Hundreds of web sites are participating in a “day of action” protest against plans by the Federal Communications Commission to loosen current “open Internet” rules set down in 2015 that ensure cable companies or Internet service providers are not allowed to throttle Internet speeds, charge extra fees for access to certain content or otherwise give priority to content.
Current FCC chairman Ajit Pai was nominated to the position in January by President Trump after serving on the FCC commission under President Obama.
Pai in April proposed a plan to loosen government oversight of high-speed Internet providers and no longer treat the Internet as a public utility. He said in a speech that the plan was “basic economics. The more heavily you regulate something, the less of it you’re likely to get.”
He also characterized the 2015 rules as wholly unnecessary and a move by the Obama White House “all about politics” that was made “in order to energize a dispirited base” after the 2014 midterm election cycle.
“Did these [Internet] fast lanes and slow lanes exist? No,” Pai said when he announced the rollback plan. “The truth of the matter is that we decided to abandon successful policies solely because of hypothetical harms and hysterical prophecies of doom. It’s almost as if the special interests pushing [the rules] weren’t trying to solve a real problem but instead looking for an excuse to achieve their long-standing goal of forcing the Internet under the federal government’s control.”
But Internet-dependent tech companies like Amazon, Etsy, Twitter, Netflix, Tumblr, Google, Facebook and many others, view the prospect of Internet providers again getting to regulate themselves as more than likely to stratify access to the Internet for their companies, the public and entrepreneurs.
Amazon, which just tallied its best-ever Prime Day, has a link on its homepage to the Internet Association, a group of tech companies that supports net neutrality and says without net neutrality rules, Internet service providers will be able to “control” the online experience, namely by prioritizing web sites, blocking others and slowing down access to whatever content it chooses.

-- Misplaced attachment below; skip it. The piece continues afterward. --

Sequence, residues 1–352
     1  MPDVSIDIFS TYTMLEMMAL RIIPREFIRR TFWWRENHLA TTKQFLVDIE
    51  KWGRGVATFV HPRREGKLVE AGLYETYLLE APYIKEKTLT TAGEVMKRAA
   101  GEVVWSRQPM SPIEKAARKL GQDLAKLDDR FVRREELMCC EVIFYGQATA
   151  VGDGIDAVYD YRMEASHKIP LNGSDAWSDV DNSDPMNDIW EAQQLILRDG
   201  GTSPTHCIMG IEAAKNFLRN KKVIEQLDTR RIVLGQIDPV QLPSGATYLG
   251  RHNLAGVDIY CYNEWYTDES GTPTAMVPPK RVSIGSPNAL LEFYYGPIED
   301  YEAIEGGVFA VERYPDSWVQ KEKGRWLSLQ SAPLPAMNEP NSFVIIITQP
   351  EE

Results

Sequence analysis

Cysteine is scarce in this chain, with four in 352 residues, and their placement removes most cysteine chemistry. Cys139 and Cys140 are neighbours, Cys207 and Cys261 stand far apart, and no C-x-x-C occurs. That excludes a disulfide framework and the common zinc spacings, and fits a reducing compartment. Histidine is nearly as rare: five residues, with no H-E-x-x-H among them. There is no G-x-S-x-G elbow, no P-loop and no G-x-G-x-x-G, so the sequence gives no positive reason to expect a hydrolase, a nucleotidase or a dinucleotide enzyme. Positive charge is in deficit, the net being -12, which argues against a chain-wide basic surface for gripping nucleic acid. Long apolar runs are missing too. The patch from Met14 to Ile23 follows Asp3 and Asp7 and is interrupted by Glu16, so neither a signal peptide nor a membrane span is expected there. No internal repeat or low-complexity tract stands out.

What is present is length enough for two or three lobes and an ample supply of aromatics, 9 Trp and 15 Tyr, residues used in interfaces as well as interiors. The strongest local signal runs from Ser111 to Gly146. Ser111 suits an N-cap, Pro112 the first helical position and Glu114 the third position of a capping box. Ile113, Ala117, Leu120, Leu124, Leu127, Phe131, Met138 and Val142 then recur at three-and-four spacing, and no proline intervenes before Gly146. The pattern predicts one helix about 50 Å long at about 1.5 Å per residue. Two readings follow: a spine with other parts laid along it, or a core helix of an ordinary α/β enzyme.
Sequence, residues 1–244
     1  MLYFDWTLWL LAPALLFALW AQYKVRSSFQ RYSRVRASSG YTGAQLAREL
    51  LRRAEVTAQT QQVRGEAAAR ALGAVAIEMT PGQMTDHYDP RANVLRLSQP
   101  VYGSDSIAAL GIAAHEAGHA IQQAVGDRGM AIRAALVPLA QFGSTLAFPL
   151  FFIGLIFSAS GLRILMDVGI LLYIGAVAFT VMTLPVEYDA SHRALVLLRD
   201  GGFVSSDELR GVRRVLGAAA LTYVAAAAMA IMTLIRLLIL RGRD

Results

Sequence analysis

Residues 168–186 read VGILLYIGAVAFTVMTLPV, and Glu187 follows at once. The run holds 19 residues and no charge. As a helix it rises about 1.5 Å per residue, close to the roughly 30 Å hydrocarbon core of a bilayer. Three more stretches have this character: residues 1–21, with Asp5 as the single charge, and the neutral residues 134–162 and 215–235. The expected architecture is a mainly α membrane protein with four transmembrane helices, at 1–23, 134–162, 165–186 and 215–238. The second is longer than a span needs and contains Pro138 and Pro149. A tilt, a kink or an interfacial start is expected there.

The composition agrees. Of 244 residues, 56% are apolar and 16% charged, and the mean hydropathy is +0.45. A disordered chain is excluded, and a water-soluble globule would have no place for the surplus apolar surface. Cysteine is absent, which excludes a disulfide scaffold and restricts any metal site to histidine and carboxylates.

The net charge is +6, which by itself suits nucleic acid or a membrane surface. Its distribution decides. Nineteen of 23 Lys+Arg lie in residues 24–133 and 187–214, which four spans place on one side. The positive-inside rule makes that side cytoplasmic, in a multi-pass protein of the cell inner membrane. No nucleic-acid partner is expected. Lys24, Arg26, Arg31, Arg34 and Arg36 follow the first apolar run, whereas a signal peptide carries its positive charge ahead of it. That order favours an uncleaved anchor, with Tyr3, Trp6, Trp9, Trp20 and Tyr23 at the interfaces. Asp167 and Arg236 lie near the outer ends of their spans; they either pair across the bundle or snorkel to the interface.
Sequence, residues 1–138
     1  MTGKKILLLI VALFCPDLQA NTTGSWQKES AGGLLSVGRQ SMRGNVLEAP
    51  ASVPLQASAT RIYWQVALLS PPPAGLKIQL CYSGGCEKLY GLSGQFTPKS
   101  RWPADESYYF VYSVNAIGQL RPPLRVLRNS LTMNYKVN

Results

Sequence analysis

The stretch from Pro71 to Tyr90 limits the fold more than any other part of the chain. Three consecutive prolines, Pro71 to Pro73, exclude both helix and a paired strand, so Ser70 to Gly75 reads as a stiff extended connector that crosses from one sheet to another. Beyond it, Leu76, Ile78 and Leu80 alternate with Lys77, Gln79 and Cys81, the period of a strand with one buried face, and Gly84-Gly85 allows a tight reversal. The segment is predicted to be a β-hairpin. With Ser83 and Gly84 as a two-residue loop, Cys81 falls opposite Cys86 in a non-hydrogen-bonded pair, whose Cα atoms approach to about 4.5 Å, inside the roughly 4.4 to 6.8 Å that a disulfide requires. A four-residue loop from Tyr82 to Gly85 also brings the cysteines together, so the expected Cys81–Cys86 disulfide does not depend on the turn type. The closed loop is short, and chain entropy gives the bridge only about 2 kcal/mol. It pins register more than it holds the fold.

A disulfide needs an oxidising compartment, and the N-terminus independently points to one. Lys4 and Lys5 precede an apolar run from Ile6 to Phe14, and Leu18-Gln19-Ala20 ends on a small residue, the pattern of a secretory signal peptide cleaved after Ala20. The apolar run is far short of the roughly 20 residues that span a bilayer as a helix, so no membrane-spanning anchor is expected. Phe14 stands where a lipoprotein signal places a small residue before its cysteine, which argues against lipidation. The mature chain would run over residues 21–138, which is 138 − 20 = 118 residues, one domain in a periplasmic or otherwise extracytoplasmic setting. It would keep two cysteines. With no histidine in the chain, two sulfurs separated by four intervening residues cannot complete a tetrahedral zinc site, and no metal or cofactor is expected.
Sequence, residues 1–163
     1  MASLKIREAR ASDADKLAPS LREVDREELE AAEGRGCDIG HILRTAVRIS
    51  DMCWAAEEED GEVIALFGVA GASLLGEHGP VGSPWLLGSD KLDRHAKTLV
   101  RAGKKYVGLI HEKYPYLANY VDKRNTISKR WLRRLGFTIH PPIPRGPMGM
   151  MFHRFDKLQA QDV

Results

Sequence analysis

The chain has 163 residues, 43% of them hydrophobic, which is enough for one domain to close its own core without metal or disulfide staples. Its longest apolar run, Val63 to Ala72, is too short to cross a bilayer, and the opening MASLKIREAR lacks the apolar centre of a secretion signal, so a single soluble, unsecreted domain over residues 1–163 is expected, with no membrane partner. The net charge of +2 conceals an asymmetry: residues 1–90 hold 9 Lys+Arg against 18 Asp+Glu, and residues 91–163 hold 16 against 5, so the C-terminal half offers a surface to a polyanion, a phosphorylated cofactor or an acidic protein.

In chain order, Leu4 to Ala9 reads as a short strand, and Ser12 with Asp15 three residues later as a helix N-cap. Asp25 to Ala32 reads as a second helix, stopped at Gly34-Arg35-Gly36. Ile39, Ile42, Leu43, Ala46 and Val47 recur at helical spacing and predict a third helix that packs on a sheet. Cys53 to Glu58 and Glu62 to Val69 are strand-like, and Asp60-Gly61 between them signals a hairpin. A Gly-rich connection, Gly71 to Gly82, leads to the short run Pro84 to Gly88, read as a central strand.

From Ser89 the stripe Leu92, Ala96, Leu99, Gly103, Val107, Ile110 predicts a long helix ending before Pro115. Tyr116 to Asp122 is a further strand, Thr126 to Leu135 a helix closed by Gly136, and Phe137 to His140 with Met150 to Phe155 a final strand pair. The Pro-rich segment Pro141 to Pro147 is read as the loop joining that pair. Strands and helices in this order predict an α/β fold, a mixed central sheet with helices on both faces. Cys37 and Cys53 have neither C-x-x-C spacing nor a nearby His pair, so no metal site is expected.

As for Pai’s position that regulation of ISPs is weighing on the free-market success of the Internet, which he says thrived before the open Internet rules came down in 2015, research from the Internet Association claims that cable and broadband investment by public companies grew to $250 billion in 2016 from $173 billion in 2010.
Facebook founder and chief executive officer Mark Zuckerberg focused more on the social angle of net neutrality in a personal post to the site. He urged Facebook users to support net neutrality, saying “if a service provider can block you from seeing certain content or can make you pay extra for it, that hurts all of us and we should have rules against it.”
“Right now, the FCC has rules in place to make sure the Internet continues to be an open platform for everyone,” Zuckerberg added. “At Facebook, we strongly support those rules. If we want everyone in the world to have access to all the opportunities that come with the Internet, we need to keep the internet free and open.”
Google echoed that sentiment on its blog and said the current “common sense” net neutrality protections are depended on by established Internet companies like itself, as well as start-ups and Internet users at large.
“Thanks in part to net neutrality, the open Internet has grown to become an unrivaled source of choice, competition, innovation, free expression and opportunity,” Google said. “And it should stay that way.”
A representative of the FCC could not be reached for comment.
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